There are too many poor people enrolled in Medicaid, too many sick people in the risk pools, and now, too many new patients driving up health care spending over the last three months. Today's apocalyptic sign of Obamacare's failure is a huge spike in health care spending, the sort of thing the law promised to reduce. That (temporary) spike was the result of millions of recently insured Americans using their new insurance, not that that matters. One of Obamacare's biggest problems is that it's criticized for achieving one of its main goals: insuring people who needed insurance.
The new report from the Bureau of Economic Analysts found that health care spending rose 9.9 percent during the first three months of 2014, the largest increase since 1980. That's largely because of costs associated with implementing Obamacare, specifically new costs from Medicaid and private insurance enrollees.
Right-leaning outlets like The Washington Examiner, The Weekly Standard and Town Hall wrote that health care spending "exploded" during the first quarter of this year because of the health care law, proving that Obummercare is failing. In other words, critics are upset that a rush of sick, recently insured people are using the insurance they just enrolled in. "Obamacare was pitched as a plan to reduce health care spending," wrote Philip Klein of the Examiner. "Obama and his allies had been crediting a slowdown in the rate of growth for health care to payment reforms imposed by the law. But other analysts predicted that spending would pick up as the economy improved and people started loosening the family purse strings."
Several writers agreed that this post-Obamacare health care spending spike was predicted several years ago, but is actually the result of the recently insured using their new insurance. "A lot of the utilization was people who didn't have health insurance who are now able to go to the doctor and afford drugs," Jason Furman, chair of the Council of Economic Advisors, told Vox's Sarah Kliff. "That's a good thing for families and was a goal of the Affordable Care Act." Kliff noted that while people are using more medical services, health care costs are growing slowly. "This essentially means that people can buy more health care for their dollar now than they could last year," she wrote.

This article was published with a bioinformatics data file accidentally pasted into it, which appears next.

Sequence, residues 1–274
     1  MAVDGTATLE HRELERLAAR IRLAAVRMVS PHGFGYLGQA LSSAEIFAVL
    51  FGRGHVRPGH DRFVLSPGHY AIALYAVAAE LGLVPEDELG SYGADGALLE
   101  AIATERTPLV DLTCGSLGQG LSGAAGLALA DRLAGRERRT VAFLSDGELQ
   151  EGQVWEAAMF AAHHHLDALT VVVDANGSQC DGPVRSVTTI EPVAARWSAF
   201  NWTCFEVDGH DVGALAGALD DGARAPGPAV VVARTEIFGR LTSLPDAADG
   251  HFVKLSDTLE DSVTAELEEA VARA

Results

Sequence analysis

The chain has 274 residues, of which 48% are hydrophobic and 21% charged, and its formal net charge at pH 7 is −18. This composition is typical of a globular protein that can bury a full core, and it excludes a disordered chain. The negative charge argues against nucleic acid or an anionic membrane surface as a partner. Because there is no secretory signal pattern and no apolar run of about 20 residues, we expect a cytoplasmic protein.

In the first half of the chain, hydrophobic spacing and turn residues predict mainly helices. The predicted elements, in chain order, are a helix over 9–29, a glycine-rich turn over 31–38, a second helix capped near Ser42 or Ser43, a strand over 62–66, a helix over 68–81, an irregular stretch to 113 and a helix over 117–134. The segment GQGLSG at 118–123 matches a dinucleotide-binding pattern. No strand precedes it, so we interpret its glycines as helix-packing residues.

Jonathan Chait at New York magazine pointed to a 2009 post from Jonathan Cohn and a 2010 post from Ezra Klein which both argue that this would happen. "What you're seeing here isn't the cost curve bending up," Klein wrote. "It's a one-time increase in the level of spending." Cohn explained that "the rate of growth jumps up above baseline as the uninsured are brought into the system." Both argue that rates will drop lower than they would have without reform.
Philip Klein correctly pointed out that Obamacare is projected to reduce health care spending, but he neglected to mention that this year's Q1 spike was a result of people using insurance — the other part of the law. And that's been the defining characteristic of the debate — the focus is on premature predictions of higher costs, with not enough attention to the human element. As Jay Gellert, the president and CEO of California-based Health Net, put it during Tuesday's Politico Pro Health Care Breakfast Briefing, the media's attention to numbers often ignores the positive benefits of reform. "I think we've learned that people don't know how to cover this," Gellert says around the 51:40 mark. "Because the entire last year we've argued over the fact that not enough healthy people are in the pool. No one has ever said isn't it great we've gotten sick people into the pool."
Gellert argued that the goal of Obamacare was to give sick people health security, but "all the reporting is about the exact opposite of what we tried to do." This spike in health care spending is exactly that — Obamacare doing what it's supposed to do. More of the reporting should focus on that.